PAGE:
Ensure community-governance and care of collective resources

Bring land, water, and utilities back into public and community-governance to restore collective stewardship of collective resources

Through the rise of colonialism and global capitalism, collective life-sources such as forests, water, land, and minerals have been systematically captured by state and corporate actors through privatization and often violent exclusion of local communities. This systematic privatization and erasure of local stewardship has catalyzed the rapid extraction, burning, and dumping of fossil fuels and other ecological resources, ultimately leading to our current climate crisis.

One specific example is the ocean commons, which is a self-regenerating source of food and life. According to the UN, nearly 3 billion people around the world depend on coastal and marine ecosystems for their livelihoods. Yet our oceans are facing the twin dangers of the climate crisis and further privatization and industrialization. We must ensure that coastal ecosystems continue to be ecologically and economically regenerative sources for communities in the US and around the world.

Whether it is our land, air, or water, climate justice necessitates the the management and stewardship of these commons be transformed to center community governance, especially by the Indigenous, Black, and brown communities who face disproportionate burdens of pollution and climate change. At this point, our community governance of collective resources must not be impact-neutral, but instead actively restorative to the living world.

Restore and protect coastal communities and ecosystems

  • 40% of Americans live on the coasts. Marshes, wetland, and other coastal ecosystems can absorb up to five times as much carbon as land-based foliage and forests. Furthermore, these ecosystems provide crucial storm protection and flood control for coastal communities. Restoring them is less expensive and more effective than levies and seawalls.
  • Restoring tribal sovereignty and treaty rights for coastal tribes, such as Coast Salish Peoples in the Pacific Northwest, directly impacts the protection and restoration of salmon runs. As a keystone species of northwest ecosystems in both freshwater and saltwater, renewal of salmon runs is foundational for ecosystem and economic health.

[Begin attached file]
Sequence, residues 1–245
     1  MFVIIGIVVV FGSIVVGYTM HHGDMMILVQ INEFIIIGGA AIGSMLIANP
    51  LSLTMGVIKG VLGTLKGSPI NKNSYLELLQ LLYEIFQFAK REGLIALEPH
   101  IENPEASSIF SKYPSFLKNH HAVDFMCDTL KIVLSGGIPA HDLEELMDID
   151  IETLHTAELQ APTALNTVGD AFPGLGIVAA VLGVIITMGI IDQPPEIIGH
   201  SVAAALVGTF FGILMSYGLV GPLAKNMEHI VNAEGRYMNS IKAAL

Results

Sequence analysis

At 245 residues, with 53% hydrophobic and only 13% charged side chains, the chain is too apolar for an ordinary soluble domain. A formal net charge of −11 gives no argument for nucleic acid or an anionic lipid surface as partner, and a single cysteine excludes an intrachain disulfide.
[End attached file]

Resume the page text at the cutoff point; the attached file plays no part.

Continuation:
Ensure clean fresh water is a public right

  • Enforce the Clean Water Act
  • Move privately-owned water utilities into cooperative or public ownership
  • Invest in cooperative enterprises that install and manage water and sewer services 
  • Invest in technical assistance and grant funds for rural, small municipal, and tribal communities for water and sewer infrastructure. 
  • Restore freshwater sources 
    • Healthy rivers are essential to local economies and ecologies. Whether as a food source, habitat, drought prevention, or local climate stabilizer. 
    • Remove outdated, unsafe, or costly dams

For example:

Establish democratic community-led landuse, conservation and green development processes

  • PUSH Buffalo’s Green Development Zones: The GDZ is 25 square blocks in Buffalo that PUSH is intentionally shifting to be more sustainable and affordable for residents. They are using multiple strategies of policy advocacy, community economic development, and community organizing. They started by addressing the twin concerns of high utility bills and unaffordable housing. Ultimately they passed the Green Jobs- Green NY Law which covers free energy efficiency assessments, training for jobs in green industries, and low-interest financing for energy efficiency upgrades.

Invest in municipally-owned internet utilities, especially rural broadband

  • Internet access and communications technology is crucial in the face of climate disasters. For first responders and communities to be able to navigate emergencies we must transition to democratically-controlled communications technology, rather than private corporate-owned internet utilities. The internet is a modern day commons that if being rapidly transformed to maximize profits rather than meet community needs.

For example:

  • Chattanooga TN’s municipal internet. After private internet companies failed to meet the internet needs of the city of Chatanooga, the local government chose to treat broadband as a public utility and ultimately established the fastest internet in the United States. They are among 82 cities and towns that have established government-owned, fiber-based internet. It has transformed much of the local economy.